Kuwaiti oil tankers have had no problem passing through a narrow strait between war-torn Yemen and Djibouti, one of seven so-called choke points in the worldwide delivery of oil, the state-owned Kuwait Petroleum Corp. (KPC) said Sunday. Yemen’s strategic location for the movement of crude from the Middle East to Europe and the U.S. has raised concerns that the unrest in Yemen could endanger tankers passing through the strait.
“Kuwait oil tankers are smoothly navigating through Bab Al-Mandeb Strait and the region has not been affected by the Saudi-led military operations against the Houthi militias in Yemen,” said a statement published Sunday by the official Kuwait News Agency, citing KPC spokesman Sheikh Talal Khaled Al-Sabah.
The U.S. Energy Information Administration estimates that 3.8 million barrels of oil passed through the strait every day in 2013, making it the fourth-largest choke point after the Strait of Hormuz, between the United Arab Emirates and Iran; the Strait of Malacca, between Malaysia and Indonesia; and Egypt’s Suez Canal between the Red Sea and the Mediterranean.
Bab Al-Mandeb Strait is typically heavily guarded because of persistent attempts by pirates from nearby Somalia to hijack oil tankers and hold them for ransom. In 2008, pirates seized Saudi Arabia’s massive Sirius Star supertanker and held it for months before a $3 million ransom was paid. Navies from Russia, Ukraine, India, the U.S., Britain and France routinely patrol the waters.
On Thursday, Egypt deployed four of its vessels en route to Yemen to secure the waters around the port city of Aden, where a Chinese warship reportedly docked Sunday to help Chinese citizens evacuate the area.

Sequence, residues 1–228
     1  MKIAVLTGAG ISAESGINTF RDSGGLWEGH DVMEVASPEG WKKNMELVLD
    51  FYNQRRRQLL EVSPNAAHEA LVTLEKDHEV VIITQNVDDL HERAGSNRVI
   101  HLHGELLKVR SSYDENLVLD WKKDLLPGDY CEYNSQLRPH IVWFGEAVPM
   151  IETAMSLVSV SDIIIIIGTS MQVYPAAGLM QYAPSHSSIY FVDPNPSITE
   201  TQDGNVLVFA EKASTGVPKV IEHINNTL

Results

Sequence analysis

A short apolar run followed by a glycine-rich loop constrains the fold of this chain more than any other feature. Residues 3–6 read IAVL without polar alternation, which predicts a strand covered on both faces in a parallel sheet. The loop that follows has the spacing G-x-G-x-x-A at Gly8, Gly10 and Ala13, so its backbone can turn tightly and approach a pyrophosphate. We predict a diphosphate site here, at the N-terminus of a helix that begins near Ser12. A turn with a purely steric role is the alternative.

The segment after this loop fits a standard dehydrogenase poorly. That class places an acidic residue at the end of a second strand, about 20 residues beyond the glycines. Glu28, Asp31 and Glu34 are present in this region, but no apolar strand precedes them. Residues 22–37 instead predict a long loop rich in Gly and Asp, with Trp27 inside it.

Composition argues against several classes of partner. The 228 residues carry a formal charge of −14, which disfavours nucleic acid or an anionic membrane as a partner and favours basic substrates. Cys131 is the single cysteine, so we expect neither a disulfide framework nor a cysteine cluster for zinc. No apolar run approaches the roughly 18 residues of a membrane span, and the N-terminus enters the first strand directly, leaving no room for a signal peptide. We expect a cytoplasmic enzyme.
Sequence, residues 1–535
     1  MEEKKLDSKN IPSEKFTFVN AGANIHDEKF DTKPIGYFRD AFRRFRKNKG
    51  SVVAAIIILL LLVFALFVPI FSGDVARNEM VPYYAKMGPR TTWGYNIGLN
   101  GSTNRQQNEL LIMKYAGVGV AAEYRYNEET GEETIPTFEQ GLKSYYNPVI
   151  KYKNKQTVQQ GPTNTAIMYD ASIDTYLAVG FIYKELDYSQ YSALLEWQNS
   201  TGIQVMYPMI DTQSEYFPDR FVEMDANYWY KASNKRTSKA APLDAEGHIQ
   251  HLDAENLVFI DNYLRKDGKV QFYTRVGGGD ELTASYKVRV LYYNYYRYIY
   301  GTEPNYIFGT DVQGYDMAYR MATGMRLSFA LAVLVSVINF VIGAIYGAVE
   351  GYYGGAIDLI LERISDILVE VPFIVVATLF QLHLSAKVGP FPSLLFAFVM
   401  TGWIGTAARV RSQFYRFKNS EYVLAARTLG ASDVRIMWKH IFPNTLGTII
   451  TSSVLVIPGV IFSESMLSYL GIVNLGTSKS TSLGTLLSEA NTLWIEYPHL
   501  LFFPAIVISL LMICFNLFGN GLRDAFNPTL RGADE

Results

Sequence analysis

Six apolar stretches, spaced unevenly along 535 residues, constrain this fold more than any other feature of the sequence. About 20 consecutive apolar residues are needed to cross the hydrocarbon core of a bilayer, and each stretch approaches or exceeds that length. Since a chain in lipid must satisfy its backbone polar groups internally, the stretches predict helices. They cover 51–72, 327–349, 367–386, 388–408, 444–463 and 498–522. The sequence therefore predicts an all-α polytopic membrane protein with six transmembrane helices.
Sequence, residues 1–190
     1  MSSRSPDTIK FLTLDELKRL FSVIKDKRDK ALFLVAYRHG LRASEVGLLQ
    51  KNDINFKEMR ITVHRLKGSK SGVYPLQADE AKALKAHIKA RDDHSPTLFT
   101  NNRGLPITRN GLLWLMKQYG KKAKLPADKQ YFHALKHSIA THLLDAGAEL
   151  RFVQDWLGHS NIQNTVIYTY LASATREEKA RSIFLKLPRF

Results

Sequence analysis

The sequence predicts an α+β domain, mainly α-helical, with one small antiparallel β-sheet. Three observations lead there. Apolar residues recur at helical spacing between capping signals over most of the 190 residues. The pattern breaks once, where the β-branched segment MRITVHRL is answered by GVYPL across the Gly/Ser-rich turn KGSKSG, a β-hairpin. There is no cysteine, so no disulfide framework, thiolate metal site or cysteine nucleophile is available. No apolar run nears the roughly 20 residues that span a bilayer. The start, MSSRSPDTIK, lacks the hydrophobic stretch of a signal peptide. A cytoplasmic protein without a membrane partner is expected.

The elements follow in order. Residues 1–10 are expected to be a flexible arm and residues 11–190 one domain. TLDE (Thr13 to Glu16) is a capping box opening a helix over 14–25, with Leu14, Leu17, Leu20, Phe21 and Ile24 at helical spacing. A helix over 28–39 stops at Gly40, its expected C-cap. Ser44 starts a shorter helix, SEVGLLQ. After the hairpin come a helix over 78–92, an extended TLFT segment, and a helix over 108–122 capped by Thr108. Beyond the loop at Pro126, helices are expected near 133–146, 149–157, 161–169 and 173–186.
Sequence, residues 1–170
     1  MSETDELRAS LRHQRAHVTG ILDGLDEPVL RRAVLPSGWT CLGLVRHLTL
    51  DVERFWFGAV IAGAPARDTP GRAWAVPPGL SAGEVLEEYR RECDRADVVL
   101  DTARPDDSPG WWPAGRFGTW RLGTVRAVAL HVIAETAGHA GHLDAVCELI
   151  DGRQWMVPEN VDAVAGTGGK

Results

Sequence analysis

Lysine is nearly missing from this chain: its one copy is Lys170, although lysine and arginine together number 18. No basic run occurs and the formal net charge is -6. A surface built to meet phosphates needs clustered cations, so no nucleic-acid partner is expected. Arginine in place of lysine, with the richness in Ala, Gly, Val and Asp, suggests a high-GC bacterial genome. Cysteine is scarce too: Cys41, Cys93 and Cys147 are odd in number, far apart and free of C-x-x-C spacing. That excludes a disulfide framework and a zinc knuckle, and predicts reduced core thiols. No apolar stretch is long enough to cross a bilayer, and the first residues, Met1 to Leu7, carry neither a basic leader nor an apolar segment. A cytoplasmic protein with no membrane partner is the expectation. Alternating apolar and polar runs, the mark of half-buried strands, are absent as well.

Despite the heavy naval presence in the region, analysts who see a heavy Iranian influence in Yemen fear Iran could commandeer a port and cut off safe access to the Red Sea.
"If the Iranians were to gain access to a de facto base in some port or another controlled by the Houthis whom they have aided in the latter’s fight, the balance of power in the subregion would shift significantly," J. Peter Pham of U.S. think tank the Atlantic Council told Reuters.
Aden was the site of an al Qaeda suicide attack on the USS Cole, an American warship, in 2000. A similar attack would elicit an immediate market reaction, raising insurance rates for ships passing through the area. In addition, some ships would be diverted around the Cape of Good Hope, greatly increasing the cost of oil delivery.
Bab Al-Mandeb means “Gate of Tears” in Arabic, a name earned in ancient times because of the difficulties vessels have had safely navigating the strait due to the natural formations that reside in many places just under water level.